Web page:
Social media platforms have played a crucial role in disseminating news about the spread of COVID-19. And with such a wide scope of responsibility and overall power over the distribution of information, many platforms are rushing to do what they can to help, including donating to support relief efforts, taking steps to prevent fake news, and offering advice to companies
Platforms are taking their role in the crisis seriously and are continuously rolling out new measures to not only raise awareness about the seriousness of coronavirus, but also fight the misinformation about the pandemic.
Much like brands that have been pitching in to help their employees or their communities, platforms have stepped up in a variety of ways. Here's a rundown of initiatives social media platforms are implementing:
Facebook fights coronavirus misinformation
Facebook, together with its founder Mark Zuckerberg, has been in the spotlight since the pandemic first began. The platform has rolled out tight measures to fight misinformation across the board for the 2.5 billion people that use the social network monthly.
Continuous efforts are being made to bring in even more regional partners to help with fact checking on a global scale. Users are also encouraged to help by flagging suspicious posts. In addition to these measures, Facebook is prioritizing the newsfeed to favor more credible sources such as the World Health Organisation (WHO) and other national and regional authorities.
As people increasingly turn to social media to stay up-to-date with current events, taking extreme initiatives to combat fake news is crucial.
Facebook is also doing their best to make an impact in the "real world." The company donated 720,000 facemasks that it had in reserve for wildfires and promised to source “millions” more. The social network also pledged to donate up to $145 million to various causes, including healthcare workers and small businesses.
WhatsApp launches COVID-19 Information Hub
To combat misinformation, WhatsApp has taken the lead and provided users with a space where they can receive up-to-date information regarding COVID-19. In partnership with WHO, UNICEF, and UNDP, the Facebook-owned messaging app launched the Coronavirus Information Hub. WHO has also launched a chatbot on WhatsApp to warn people about the coronavirus’ dangers.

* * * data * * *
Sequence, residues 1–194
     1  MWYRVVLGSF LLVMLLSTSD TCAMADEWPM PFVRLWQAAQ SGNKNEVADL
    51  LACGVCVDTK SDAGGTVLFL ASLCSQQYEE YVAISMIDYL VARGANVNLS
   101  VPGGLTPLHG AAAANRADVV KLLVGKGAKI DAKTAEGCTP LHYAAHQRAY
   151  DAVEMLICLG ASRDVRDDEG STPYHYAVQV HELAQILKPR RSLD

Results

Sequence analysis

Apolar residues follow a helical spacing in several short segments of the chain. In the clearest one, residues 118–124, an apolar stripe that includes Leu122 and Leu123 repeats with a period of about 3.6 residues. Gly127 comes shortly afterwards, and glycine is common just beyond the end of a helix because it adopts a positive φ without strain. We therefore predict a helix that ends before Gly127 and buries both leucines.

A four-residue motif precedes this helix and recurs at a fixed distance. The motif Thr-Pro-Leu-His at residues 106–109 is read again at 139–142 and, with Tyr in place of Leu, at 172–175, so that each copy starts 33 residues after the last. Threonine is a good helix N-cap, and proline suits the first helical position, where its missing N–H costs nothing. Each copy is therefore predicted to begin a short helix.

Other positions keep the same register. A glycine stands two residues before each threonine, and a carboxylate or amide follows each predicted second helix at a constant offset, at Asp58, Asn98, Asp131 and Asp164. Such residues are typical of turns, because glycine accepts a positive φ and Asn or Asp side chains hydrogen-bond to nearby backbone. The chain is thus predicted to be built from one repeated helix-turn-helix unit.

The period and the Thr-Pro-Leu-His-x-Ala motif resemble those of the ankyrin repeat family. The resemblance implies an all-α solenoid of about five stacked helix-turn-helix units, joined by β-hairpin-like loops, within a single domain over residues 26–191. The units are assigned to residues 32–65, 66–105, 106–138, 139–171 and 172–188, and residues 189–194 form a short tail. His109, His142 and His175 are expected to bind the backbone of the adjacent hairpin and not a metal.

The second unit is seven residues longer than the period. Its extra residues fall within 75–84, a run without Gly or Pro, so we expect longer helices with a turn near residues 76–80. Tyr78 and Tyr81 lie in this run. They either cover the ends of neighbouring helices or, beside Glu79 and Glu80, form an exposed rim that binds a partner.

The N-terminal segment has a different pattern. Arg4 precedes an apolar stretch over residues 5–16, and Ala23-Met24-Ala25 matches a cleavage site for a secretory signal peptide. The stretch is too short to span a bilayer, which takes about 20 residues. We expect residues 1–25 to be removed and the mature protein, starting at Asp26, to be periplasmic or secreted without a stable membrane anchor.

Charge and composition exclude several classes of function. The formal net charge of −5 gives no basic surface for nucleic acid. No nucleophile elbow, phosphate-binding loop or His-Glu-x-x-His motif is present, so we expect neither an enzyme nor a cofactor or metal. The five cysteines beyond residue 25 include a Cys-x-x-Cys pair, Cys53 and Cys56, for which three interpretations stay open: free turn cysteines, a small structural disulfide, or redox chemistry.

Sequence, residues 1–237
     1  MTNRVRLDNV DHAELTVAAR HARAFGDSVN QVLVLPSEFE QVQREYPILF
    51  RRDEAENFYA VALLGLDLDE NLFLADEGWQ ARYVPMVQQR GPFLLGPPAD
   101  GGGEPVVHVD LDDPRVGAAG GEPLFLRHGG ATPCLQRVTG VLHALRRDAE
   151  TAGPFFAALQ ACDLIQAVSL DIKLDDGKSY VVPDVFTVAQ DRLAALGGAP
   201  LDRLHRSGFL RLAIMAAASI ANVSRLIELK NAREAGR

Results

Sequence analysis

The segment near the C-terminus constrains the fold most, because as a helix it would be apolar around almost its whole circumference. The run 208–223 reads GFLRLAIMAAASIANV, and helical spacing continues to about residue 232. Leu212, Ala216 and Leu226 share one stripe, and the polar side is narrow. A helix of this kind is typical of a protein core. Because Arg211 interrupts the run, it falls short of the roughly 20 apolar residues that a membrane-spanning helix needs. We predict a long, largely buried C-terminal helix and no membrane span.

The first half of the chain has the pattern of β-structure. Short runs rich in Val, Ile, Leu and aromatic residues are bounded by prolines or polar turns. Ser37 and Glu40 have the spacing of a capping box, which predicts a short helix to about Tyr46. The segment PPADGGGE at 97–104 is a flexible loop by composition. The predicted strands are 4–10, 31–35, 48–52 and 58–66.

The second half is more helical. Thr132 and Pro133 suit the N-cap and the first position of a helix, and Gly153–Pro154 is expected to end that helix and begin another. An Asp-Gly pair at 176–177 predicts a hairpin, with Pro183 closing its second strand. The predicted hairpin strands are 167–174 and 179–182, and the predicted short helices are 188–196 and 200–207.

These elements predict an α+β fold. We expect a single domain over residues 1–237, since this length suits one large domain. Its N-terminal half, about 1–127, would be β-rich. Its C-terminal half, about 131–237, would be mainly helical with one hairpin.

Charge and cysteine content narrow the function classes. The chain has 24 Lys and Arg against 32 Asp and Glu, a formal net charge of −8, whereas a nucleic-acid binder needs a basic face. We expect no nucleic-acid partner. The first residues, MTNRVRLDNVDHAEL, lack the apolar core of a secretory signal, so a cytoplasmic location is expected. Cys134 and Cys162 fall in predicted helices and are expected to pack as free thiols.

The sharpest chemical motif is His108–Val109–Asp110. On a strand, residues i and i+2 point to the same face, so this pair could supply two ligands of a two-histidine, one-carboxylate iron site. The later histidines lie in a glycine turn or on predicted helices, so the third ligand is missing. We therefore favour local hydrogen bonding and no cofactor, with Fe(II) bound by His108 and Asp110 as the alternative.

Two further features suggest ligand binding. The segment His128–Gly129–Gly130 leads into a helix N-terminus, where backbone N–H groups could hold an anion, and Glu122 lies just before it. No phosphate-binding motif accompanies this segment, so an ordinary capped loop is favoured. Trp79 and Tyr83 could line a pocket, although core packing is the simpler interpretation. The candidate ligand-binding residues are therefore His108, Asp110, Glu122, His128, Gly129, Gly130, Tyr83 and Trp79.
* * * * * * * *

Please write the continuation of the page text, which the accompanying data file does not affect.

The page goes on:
It's a smart move on WhatsApp's end as it combats the spread of misinformation that has sometimes plagued the platform. After crossing the threshold of two billion users in February, it’s more important than ever that WhatsApp’s large user base be able to rely on the platform to stay connected without being led astray.
To take the initiative even further, the company also pledged $1 million to the Poynter Institute’s International Fact-Checking Network (IFCN). The grant will support the #CoronaVirusFacts Alliance, which is present in more than 100 local organizations in at least 45 countries.
Instagram promotes self-isolation and social distancing
Instagram is also taking tight measures to prevent the spread of misinformation by prioritizing their feed’s algorithm in favor of trusted sources of information. They have also highlighted the seriousness of the pandemic by banning searches for coronavirus related AR effects.
However, Instagram’s main priority during the pandemic is promoting self-isolation. They are doing so by rolling out Stay Home stickers and creating new ways for friends to connect, including launching a new way to browse Instagram together with friends over video chat.
By taking these steps, Instagram is supporting a trend of distancing from public places and encouraging its users to highlight this in their profiles as well. The popularity of these new features reportedly almost crashed the site as users flooded the platform’s servers.